Friday, May 12, 2006


Not everything that's wrong is a breach of ethics. Despite what some people seem to think, it's possible to simply be wrong without being morally culpable.

The other day an old friend called to ask my advice. A consultant he had hired was having trouble meeting agreed-upon deadlines, and my friend had discovered that the consultant had taken on another project with someone affiliated with his business. The new client was not a competitor, but my friend believed that the time the consultant spent on this new project was causing him to miss his deadlines on my friend's project. He wanted to know if he would be on solid ground in questioning the consultant's ethics.

The consultant clearly was late in delivering what he had promised, but -- beyond his not keeping the promise implicit in every agreed-upon schedule -- I didn't see any ethical breach. There were no restrictions on the consultant taking other jobs.

My friend didn't have an ethical problem on his hands, in short. He had a management problem, namely, how to get the consultant to deliver on time.

But my friend was in an all-too-familiar position. Instead of addressing the challenging management issue, he felt that he would have a more powerful argument if he could attribute the consultant's behavior to some ethical breach. That sort of thinking is misleading, however, because the attempt to place the other person on the defensive elevates the problem to a moral issue and distracts attention from the real problem at hand.

The tendency to shove tough decisions onto the ethical battlefield isn't limited to the workplace, of course.

D.T., a reader from Orange County, Calif., wrote me recently with one such example. She and her boyfriend are planning to marry by the end of the summer. Each of them has children from previous marriages.

Her son is 21 years old. He works and pays for his own college and personal expenses. Her fiance's son and daughter are 13 and 9, respectively. They live with their mother in another state, and her fiance pays more than $1,000 a month in child support.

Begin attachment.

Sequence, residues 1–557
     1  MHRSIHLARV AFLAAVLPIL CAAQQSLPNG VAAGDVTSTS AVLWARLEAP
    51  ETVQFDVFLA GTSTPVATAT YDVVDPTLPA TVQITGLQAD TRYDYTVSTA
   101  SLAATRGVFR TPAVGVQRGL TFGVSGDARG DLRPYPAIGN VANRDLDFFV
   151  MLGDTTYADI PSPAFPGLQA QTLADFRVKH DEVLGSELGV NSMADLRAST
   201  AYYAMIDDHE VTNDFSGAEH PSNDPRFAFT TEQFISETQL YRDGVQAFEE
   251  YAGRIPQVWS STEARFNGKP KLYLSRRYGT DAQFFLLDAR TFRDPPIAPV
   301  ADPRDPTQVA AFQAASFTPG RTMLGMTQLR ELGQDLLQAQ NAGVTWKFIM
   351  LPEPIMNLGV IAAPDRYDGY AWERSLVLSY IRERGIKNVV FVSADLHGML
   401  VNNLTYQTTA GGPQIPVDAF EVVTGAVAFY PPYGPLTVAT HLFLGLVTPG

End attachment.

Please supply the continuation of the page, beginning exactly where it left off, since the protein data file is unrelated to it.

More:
The couple has drawn up a prenuptial agreement regarding their premarital assets. They plan to commingle most of the assets they accumulate after they are married.

But they are at odds over their wills. D.T. believes that the surviving spouse should agree to divide whatever remaining assets the couple may have so that her son gets half and her fiance's children each get one-quarter.

"He feels that we should think of them as `our' children and divide assets three ways," she writes.

She is writing to me to ask what would be the most ethical thing to do here.

While D.T.'s fiance may have a good idea in thinking of all the children as simply "theirs," there's nothing unethical about either of their approaches. As long as each is honest with the other about his or her intentions, either solution would be a sound one from an ethical perspective.

What they're facing is a good, old-fashioned disagreement. The right thing to do is to take the time to talk through their differences, explore both options as well as any other alternatives, and find a decision that satisfies both of them.

The risk of seeking the ethical upper hand in resolving day-to-day issues is that it removes one of the key responsibilities that each of us bears: to learn how to deal with people who occasionally see the world differently from us.

That's a valuable lesson for anyone, particularly those who are headed into marriage.


yawningdog said...

Won't fair be a third for each child?

Anonymous said...

why? if they each contribute equally by incomes, if they didn't get married, the numbers would mean her on gets all of her stuff and his kids each get half of his. That's 1/2 and 1/4 and 1/4. Why should she pay for another woman's children? why should she not be doing what she can to protect her own children? his two kids are not only getting from their father, but also from their own mother.